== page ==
Energy Expert: Duck Curve

Energy Expert: Duck Curve

MCE’s Energy Expert Series takes a deeper dive into more complex energy topics. Explore topics like this, microgrids, and net energy metering in greater detail through our Energy Expert series. Looking for more basics? Check out our Energy 101 series which covers the basics.

What is the duck curve?

If you’re familiar with the California energy market, chances are you’ve also heard the term “duck curve.” The duck curve is a result of an increase in energy generation in the middle of the day from rooftop solar and utility-scale solar production. Solar energy is the most cost-effective renewable energy technology, and is commonplace across California as a way to lower energy costs and reduce greenhouse gases. Solar panels produce the most energy between the hours of 11 a.m. and 4 p.m when the sun is high. To cover a home or a business’ yearly energy usage, most installations are designed to produce excess electricity during these hours, creating the “belly” of the duck.

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As solar production decreases in the evening, the net load experiences a corresponding increase. Solar generation drops off and is replaced by wind, biogas, geothermal, hydroelectric, and natural gas resources. This time period (4-9 p.m.) is known as the “evening ramp”. Customers are returning home, using more electricity, and creating a steep increase in demand while the amount of available solar generation drops dramatically. This usage pattern creates the “neck” of the duck.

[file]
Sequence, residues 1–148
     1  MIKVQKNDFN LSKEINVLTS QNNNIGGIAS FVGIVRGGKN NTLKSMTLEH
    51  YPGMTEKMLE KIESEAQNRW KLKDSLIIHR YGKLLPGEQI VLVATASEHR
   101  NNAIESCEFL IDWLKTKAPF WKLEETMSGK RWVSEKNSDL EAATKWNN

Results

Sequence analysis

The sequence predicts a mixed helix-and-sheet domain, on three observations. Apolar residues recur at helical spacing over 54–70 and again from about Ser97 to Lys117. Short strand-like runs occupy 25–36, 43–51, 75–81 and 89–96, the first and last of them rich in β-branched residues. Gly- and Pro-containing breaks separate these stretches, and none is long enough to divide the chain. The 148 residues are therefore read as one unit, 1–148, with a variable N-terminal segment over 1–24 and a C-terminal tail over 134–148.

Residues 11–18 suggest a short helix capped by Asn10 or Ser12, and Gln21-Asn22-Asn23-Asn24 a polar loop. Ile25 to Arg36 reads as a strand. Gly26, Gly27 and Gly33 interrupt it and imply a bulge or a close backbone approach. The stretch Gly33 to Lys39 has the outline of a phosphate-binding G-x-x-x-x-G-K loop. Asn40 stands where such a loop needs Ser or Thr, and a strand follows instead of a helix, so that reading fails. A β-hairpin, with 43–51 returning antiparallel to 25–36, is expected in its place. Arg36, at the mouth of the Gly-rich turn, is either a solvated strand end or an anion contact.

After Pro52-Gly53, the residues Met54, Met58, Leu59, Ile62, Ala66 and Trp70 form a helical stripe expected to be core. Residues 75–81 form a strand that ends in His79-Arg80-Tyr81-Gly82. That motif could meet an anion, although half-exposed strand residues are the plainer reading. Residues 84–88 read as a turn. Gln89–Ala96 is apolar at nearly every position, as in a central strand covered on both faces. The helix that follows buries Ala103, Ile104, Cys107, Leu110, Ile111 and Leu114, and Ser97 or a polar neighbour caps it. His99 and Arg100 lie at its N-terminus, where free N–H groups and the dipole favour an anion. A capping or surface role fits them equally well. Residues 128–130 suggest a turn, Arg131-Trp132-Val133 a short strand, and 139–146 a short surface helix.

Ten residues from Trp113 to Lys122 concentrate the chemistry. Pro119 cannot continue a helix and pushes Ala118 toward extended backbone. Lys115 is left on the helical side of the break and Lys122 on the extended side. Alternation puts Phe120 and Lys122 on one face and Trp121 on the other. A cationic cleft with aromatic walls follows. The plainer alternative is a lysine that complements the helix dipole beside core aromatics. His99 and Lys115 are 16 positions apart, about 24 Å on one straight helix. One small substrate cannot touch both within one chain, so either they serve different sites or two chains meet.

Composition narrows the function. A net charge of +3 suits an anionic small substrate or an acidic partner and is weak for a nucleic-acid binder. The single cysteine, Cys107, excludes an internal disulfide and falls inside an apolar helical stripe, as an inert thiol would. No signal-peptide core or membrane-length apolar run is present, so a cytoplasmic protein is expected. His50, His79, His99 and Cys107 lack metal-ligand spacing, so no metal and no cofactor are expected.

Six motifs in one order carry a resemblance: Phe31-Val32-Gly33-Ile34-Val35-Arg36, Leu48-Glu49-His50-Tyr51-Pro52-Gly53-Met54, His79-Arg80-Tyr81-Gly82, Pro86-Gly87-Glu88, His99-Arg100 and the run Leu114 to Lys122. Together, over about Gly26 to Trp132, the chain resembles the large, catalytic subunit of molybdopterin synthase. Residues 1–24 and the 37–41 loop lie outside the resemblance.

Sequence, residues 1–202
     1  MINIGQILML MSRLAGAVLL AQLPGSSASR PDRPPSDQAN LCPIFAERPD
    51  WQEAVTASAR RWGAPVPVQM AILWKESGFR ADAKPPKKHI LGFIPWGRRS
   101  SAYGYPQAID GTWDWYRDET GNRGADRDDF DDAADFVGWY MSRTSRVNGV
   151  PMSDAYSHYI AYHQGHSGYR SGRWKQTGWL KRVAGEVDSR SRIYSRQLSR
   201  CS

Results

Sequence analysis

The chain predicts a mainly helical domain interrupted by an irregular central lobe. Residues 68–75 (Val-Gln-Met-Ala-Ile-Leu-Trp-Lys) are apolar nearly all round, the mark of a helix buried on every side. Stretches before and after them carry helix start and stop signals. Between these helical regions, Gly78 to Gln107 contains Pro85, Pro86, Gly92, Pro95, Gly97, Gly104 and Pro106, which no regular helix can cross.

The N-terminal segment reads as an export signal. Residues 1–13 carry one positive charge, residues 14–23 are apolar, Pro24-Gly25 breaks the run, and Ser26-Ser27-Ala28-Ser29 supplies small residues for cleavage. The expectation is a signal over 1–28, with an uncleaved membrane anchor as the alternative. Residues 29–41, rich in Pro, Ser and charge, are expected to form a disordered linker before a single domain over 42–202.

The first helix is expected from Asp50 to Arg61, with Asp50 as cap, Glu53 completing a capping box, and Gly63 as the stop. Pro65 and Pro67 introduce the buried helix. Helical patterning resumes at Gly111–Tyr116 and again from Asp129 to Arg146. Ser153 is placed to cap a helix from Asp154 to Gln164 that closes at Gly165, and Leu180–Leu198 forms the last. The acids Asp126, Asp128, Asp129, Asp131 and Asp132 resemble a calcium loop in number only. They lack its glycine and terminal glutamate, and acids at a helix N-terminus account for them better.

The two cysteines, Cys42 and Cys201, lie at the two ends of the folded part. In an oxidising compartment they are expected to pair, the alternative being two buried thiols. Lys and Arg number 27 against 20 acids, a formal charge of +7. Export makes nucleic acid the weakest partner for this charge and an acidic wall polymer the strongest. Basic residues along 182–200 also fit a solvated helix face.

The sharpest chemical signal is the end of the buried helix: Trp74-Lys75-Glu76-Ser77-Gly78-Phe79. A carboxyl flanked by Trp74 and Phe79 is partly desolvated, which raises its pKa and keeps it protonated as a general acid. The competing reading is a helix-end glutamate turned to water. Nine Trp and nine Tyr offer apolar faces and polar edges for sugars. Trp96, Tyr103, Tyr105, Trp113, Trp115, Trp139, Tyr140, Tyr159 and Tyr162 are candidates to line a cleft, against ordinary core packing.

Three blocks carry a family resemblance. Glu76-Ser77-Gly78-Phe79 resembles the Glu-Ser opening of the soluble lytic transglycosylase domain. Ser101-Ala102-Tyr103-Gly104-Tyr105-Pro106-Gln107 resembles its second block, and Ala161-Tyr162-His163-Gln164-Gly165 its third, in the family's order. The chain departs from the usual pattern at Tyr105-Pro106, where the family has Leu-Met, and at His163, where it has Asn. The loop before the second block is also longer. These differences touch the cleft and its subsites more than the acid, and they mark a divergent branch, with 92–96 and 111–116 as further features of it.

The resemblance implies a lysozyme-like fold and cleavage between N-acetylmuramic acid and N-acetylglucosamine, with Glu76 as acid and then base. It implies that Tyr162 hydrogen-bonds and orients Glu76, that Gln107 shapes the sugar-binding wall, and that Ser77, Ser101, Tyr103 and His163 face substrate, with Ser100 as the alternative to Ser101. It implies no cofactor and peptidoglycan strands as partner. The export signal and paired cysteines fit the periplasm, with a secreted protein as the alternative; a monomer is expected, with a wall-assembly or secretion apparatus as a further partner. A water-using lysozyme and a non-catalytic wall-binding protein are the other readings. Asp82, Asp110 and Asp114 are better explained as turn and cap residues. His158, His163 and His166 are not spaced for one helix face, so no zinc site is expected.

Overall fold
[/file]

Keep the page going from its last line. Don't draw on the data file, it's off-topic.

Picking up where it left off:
As more solar is developed across the state and evening demand for electricity grows, the neck of the duck curve represents arguably the largest reliability issue that California faces today. The state has heavily supported adoption of solar technologies in order for California to reach its greenhouse gas emissions reduction targets, resulting in a large amount of solar production without an optimal method of integrating or storing it. This lack of integration results in several issues: expensive requirements for utilities to reserve generation resources for peak times, curtailment of utility-scale solar during hours of overproduction, and an extremely sharp evening ramp that relies heavily on fossil fuel use.